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After being caught in an unworkable housing situation last year, she and her partner Lisa, also an artist, embarked on a housing hunt. But in the end, the search was in vain — they were even turned down as tenants when they applied to live in a unit two hours north of San Francisco. Making matters worse, across her community of artists and musicians, “Everyone we knew was getting evicted.”

Lamm and her partner relocated to Olympia, Washington, where she grew up, this past January. She’s made the trek back and forth to San Francisco time and again to continue to be a part of the arts scene, but the distance has reshaped her reality and altered her career for good. The Arts and Families Initiative might offer new hope for artists who are determined to stay put despite the challenges.

How the allocation will work

If it passes, the new hotel tax allocation will provide more operating support grants for the arts. It will triple funding for arts agencies that make grants to historically underserved communities and nonprofits that provide affordable facilities for artists and arts organizations. And it will make it easier for arts organizations to access emergency rent support if they need it.

It will also create the Ending Family Homelessness Fund -- a much-needed source of emergency funding that could be tapped to stabilize current housing for families at risk of displacement, or to provide help for homeless families looking for housing.

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All told, 17 percent of the hotel tax would be dedicated toward new arts funding by 2020, while 3.6 percent would go toward homeless family services. It’s important to note that homelessness and family services receive more funding in other parts of the city budget, which aren’t covered by this tax allocation.

While the city controller has noted that the proposal would make it slightly more expensive to fund a variety of city government services, this prediction doesn’t tell the whole story. Budget projections are necessarily based on conservative estimates — but recent history indicates that revenues from the hotel tax are increasing, not remaining stagnant. So the estimated impact could be less than what’s currently anticipated.

Even though it’s widely supported, it will still be an uphill battle to win voter approval for Prop. S, since it requires a two-thirds majority approval. Help get the word out that artists and homeless families need Prop. S to pass. And don’t forget to vote.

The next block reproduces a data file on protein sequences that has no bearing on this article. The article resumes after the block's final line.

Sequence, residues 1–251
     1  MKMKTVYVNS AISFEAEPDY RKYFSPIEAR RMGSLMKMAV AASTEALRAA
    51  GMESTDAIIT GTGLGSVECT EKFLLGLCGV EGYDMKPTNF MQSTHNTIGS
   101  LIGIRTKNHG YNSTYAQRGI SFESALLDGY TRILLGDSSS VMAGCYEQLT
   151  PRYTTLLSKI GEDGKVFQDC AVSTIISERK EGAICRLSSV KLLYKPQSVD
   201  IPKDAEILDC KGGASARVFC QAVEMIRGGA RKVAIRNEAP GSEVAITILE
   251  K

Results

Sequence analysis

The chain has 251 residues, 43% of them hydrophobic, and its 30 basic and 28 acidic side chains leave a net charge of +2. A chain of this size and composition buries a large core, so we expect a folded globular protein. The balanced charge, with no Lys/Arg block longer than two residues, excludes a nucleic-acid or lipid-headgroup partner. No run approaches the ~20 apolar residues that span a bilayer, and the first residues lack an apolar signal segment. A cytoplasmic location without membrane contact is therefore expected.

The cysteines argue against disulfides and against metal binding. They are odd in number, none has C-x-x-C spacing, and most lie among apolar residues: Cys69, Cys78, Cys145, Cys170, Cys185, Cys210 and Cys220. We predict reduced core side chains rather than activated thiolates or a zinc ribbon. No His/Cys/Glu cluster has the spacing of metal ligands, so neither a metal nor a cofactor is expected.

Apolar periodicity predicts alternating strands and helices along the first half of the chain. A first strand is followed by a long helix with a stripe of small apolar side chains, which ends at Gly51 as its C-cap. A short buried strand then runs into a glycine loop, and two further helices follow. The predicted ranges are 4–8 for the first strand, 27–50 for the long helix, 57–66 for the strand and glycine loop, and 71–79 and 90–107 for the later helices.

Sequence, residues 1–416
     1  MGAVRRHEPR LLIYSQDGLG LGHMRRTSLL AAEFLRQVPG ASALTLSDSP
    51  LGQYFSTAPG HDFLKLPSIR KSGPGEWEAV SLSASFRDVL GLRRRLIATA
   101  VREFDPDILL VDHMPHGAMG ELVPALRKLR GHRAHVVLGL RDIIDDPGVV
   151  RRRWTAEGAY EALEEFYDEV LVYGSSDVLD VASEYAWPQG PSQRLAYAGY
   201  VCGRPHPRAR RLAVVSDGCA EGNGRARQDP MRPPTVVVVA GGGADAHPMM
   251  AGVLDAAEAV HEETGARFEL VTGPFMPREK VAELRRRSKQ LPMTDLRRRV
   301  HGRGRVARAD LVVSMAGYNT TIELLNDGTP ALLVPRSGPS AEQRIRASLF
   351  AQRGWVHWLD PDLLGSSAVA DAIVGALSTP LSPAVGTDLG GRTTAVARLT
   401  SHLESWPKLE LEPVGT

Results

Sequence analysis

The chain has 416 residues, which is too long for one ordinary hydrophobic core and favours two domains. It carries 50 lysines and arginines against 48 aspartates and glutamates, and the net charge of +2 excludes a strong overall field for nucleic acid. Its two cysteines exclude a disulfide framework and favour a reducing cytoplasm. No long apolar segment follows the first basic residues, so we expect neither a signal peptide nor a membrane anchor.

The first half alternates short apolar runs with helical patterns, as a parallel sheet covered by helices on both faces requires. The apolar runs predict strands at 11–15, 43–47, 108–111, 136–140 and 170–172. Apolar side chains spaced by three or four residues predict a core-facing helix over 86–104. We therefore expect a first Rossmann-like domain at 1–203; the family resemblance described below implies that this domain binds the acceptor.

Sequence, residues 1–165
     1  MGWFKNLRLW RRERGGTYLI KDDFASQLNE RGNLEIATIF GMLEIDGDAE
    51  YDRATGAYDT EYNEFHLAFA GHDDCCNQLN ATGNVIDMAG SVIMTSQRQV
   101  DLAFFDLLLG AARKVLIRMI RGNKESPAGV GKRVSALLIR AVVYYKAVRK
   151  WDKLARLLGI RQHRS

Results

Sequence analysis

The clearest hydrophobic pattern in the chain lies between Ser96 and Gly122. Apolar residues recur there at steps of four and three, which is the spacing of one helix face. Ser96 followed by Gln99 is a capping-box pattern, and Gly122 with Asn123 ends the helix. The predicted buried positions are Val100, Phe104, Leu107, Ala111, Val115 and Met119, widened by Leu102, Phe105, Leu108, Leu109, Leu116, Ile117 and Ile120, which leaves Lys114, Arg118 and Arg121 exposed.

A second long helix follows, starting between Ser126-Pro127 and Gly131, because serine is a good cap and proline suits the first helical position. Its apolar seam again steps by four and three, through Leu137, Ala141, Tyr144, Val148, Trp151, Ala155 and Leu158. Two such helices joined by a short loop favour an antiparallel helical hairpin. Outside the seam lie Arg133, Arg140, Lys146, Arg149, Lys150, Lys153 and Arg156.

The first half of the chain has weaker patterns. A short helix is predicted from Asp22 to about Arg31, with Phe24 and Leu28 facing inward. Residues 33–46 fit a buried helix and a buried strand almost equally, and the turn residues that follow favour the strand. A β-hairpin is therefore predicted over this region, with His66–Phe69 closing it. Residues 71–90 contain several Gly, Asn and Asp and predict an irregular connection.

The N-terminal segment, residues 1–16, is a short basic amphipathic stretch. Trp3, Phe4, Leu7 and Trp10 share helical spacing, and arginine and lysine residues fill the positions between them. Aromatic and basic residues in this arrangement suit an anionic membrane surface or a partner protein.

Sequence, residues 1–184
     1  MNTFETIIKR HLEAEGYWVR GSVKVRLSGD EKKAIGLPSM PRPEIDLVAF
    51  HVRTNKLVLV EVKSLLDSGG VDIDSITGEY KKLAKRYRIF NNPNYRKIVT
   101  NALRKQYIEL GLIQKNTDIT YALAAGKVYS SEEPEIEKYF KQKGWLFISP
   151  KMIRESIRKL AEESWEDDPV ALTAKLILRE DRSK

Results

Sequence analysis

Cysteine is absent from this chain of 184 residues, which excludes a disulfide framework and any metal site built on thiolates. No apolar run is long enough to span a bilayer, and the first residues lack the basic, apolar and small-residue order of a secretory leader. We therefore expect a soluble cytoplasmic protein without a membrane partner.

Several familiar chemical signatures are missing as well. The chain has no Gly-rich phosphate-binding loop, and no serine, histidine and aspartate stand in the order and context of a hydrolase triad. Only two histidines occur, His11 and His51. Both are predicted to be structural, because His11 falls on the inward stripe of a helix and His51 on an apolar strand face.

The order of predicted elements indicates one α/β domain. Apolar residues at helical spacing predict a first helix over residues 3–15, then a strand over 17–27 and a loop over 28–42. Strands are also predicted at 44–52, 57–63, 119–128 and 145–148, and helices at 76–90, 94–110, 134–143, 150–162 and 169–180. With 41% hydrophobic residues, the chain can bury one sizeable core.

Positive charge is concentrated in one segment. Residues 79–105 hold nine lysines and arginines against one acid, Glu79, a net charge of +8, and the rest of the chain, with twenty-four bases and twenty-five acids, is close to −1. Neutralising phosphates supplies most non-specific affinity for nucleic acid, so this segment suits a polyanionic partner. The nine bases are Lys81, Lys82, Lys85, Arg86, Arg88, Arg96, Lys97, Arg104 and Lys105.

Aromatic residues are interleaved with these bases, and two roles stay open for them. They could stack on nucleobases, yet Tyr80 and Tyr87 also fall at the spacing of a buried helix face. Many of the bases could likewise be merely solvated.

Rebecca Bowe is a San Francisco resident who has great appreciation for the arts and is concerned about youth and families who are struggling with homelessness.

Photo Credit, From Top to Bottom: ABBA Open Meeting 2015, by Ernesto Sopprani; Kronos Quartet Open Rehearsal with Wu Man, Center for New Music; YBCA Welcome Deborah 2013, by Tommy Lau; Nomy Lamm, "Bird Song" ©Richard Downing, Courtesy of Sins Invalid, 2011; Eki Shola at New Music Open Mic, Center for New Music, by Meerenai Shim

Want to know more about Prop S? Take a look at the resources ABBA has compiled

 

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Getting Started With Voter Engagement

Make A Plan

If your arts and culture organization is not already promoting voter registration and getting out the vote, now is an excellent time to start.

NonprofitVote.org offers a voter engagement checklist to help you consider your organization’s capacity and begin a coordinate, achievable effort with your team.

Register Online

Californians with a social security number and a valid California driver's license or California-issued identification card may complete registration online at the California Secretary of State's website.

Voter registration may also be completed at a Department of Motor Vehicles location.

Host a Polling Place 

The Department of Elections is responsible for providing suitable polling sites for each of the 576 voting precincts located in San Francisco. If you have a clean, well-lit, accessible lobby or other space that might be usable, you may contact Precinct Services at (415) 554-4551 or e-mail us at [email protected]

Be a Poll Worker

The City and County of San Francisco and Alameda County are both accepting applications from those interested in becoming poll workers.